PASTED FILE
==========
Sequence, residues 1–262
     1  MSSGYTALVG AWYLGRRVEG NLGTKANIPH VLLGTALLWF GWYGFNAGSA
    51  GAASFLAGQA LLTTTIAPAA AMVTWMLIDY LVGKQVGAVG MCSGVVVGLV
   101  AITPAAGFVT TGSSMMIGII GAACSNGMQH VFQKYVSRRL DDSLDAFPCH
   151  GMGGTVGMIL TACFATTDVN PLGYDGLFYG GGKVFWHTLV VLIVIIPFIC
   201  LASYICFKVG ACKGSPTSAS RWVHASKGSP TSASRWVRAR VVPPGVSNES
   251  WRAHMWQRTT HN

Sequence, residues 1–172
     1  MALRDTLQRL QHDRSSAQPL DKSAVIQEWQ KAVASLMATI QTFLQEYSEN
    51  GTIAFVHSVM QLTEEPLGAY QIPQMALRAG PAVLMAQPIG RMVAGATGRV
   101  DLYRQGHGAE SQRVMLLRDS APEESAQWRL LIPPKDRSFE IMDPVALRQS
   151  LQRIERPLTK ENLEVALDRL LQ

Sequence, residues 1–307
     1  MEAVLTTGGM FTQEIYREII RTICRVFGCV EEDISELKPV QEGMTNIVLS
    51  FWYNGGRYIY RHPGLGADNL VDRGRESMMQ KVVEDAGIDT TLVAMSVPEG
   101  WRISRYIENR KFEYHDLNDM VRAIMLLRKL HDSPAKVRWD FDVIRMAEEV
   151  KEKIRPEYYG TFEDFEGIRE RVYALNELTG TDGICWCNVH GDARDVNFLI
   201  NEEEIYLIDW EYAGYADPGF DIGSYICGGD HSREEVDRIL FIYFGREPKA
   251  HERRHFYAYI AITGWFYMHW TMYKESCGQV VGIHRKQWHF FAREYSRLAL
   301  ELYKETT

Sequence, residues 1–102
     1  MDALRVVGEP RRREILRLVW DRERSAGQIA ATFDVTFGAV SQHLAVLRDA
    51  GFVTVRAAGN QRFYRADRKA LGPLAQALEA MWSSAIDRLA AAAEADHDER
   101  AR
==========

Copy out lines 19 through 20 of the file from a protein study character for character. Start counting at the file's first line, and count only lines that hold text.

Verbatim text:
   251  HERRHFYAYI AITGWFYMHW TMYKESCGQV VGIHRKQWHF FAREYSRLAL
   301  ELYKETT